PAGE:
Book Review: The Rest Between Two Notes: Selected works by Fran Forman
Fran Forman describes her work as photo paintings, and her method of creating work is much like a traditional collage artist. Forman works with digital photographic images and creates scenes, environments, and one could argue realities, which are not found in real life. In her introduction to the book, noted curator Paula Tognarelli writes: “Through metaphor, references to art and social history, classical mythology, as well as her empathic heart, Fran articulates themes of freedom, migration, and the concept of hope. Her characters are transported from one dimension to another, whether it be in time, place, or circumstance. Some characters are culled from the animal kingdom, the pages of literature, and even the museum wall. The bird cage, for example, shows itself in many of Forman’s images as if she is in conversation with her muse, René Magritte.”
The images featured in The Rest Between Two Notes are presented thematically throughout the book. These themes could be broadly interpreted, but easily could fall into catagories such as allegory, folklore, portraits, portals and passages, architecture, landscapes, internal psychological reflection, or whimsical fantasy. Forman’s scenes are rich in color, dramatized, saturated, theatrical, and struck me as an amalgam of paintings from the Italian renaissance cum Joyce Tennyson cum David Lynch. The physicality of the book is also notable; printed end sheets of a warm toned, golden hued pattern reminiscent of Victorian wallpaper, and when the book is closed, the cranberry colored edges of the pages remind me of a slice of red velvet cake.
If ever there was a time for me to relinquish judgement based on style and embrace images which are largely based on fantasy — it is now. Case in point: an image of a three story giraffe standing in a cavernous interior space, reminiscent of ruin porn photography, lit from various mystery light sources, while a figure plays a trombone on the mezzanine level. That feels right. My reluctance evaporates.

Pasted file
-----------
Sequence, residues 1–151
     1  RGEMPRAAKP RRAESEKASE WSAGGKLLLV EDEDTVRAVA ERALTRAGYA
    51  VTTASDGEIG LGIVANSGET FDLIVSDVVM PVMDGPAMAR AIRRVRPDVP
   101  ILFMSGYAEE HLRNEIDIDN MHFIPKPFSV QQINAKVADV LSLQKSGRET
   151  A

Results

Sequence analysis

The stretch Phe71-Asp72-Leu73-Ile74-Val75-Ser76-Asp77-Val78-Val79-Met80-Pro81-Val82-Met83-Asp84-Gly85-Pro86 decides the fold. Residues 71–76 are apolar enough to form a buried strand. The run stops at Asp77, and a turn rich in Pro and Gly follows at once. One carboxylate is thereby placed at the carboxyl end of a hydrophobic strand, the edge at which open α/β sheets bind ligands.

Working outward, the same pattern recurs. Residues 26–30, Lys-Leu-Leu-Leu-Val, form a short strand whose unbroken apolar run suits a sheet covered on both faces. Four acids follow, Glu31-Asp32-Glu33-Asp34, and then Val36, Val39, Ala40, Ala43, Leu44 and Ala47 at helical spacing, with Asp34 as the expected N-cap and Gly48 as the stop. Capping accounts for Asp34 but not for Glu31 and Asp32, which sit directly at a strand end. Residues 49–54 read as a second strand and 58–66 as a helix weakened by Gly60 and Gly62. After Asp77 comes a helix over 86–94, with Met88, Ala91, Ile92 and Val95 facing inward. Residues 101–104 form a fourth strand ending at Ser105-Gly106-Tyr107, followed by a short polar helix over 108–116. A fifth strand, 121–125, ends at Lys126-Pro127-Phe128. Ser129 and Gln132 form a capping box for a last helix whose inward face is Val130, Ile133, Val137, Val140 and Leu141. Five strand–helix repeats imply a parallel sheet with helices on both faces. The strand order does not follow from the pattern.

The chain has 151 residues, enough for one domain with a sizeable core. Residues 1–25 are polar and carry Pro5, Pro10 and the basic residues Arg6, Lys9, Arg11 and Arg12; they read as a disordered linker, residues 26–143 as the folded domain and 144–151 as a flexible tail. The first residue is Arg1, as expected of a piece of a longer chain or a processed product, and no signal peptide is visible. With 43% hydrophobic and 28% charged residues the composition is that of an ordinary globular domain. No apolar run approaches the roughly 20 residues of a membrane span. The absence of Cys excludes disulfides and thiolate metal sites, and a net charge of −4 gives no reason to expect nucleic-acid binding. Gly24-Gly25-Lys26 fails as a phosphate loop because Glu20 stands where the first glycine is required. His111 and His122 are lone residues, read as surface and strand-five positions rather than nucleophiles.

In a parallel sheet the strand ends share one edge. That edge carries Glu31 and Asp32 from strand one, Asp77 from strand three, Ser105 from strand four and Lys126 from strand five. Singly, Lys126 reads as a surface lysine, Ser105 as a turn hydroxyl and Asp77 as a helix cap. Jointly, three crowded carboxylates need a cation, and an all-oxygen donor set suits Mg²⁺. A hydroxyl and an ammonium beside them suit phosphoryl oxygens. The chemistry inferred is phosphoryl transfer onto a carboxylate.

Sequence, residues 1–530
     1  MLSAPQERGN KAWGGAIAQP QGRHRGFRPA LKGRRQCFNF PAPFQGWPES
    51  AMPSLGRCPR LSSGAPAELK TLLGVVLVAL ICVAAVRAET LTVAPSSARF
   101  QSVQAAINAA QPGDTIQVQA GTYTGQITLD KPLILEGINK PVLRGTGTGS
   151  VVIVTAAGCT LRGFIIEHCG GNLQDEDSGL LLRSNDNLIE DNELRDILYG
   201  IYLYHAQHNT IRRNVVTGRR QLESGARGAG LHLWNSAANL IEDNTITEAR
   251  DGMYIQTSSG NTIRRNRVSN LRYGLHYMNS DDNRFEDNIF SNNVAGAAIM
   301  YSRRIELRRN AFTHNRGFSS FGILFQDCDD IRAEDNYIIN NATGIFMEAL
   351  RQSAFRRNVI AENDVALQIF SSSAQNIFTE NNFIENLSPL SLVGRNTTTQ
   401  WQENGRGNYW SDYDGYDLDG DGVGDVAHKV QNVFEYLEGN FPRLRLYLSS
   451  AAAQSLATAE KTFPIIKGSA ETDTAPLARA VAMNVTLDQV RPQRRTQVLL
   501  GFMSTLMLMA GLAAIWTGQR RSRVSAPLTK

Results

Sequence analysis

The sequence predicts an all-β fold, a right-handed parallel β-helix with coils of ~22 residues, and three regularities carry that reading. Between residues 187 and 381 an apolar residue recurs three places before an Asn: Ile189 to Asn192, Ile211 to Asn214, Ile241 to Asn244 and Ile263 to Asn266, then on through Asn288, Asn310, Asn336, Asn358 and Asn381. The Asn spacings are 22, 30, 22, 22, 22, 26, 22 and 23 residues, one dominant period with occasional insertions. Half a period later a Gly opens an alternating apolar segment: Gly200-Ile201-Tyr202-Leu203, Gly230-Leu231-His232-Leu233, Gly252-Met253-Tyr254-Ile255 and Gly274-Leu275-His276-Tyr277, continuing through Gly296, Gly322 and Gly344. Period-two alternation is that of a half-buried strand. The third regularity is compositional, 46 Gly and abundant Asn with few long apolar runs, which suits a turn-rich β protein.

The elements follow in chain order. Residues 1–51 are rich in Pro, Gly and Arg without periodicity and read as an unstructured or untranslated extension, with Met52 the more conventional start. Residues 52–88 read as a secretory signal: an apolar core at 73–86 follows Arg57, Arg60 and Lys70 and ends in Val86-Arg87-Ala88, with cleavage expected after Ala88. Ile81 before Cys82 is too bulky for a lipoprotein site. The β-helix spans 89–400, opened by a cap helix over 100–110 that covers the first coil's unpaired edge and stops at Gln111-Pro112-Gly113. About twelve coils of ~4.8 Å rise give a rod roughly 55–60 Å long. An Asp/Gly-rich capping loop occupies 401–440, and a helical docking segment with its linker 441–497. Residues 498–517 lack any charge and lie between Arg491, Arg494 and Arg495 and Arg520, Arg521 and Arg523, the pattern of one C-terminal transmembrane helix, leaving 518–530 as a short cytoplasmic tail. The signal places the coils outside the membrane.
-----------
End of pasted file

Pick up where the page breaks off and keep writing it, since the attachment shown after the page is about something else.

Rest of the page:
Throughout the book, text accompanies Forman’s images. Some of these ‘conversations’ are short poetic pieces which compliment the work, some are an interpretation and exploration of specific images. These texts are written by over two dozen artists, writer, poets, curators, photographers, and various people connected with visual arts in some form or another. I was struck by a short piece written by Sara Farazan, which accompanies an image titled ‘The Last Rhino.’ Farazan writes a dystopian vignette which involves the inner strength of a young girl, loss of technology, hardship, climate ruin, and quite possibly the last living rhinoceros.
After my initially having a response to Forman’s work that was passive, revisiting the work revealed an appeal which I had not considered. She is a visual chanteuse, and this is where Forman’s strength lies. The additive nature of conjuring a reality from various visual sources, and masterfully blending them into works of art is dreamlike and evocative. Her intuitive visual stories are arresting. The Rest Between Two Notes lends itself well to the lyrical and musical metaphor that there is just as much importance to the silence as there is to the notes played or sung. Or in Forman’s case, the color or hue added to a visual void.
The Rest Between Two Notes: Selected works by Fran Forman
Unicorn Publishing Group
Hardcover: 224 pages, 105 color plates
Product Dimensions: 25.4 x 25.4 cm
About Fran Forman:
Born in Baltimore, Maryland, Forman studied art and sociology as an undergraduate at Brandeis University and then received an MSW, working for several years with heroin addicts. She earned an MFA from Boston University in graphic design, but spent most of her grad school years experimenting in the darkroom. She is represented by Pucker Gallery (Boston), Afterimage Gallery (Dallas), Susan Spiritus Gallery (Newport Beach, CA), and Galeria Photo/Graphica (San Miguel de Allende, Mexico). For more information, go to: www.franforman.com.
Originally published at F-Stop Magazine.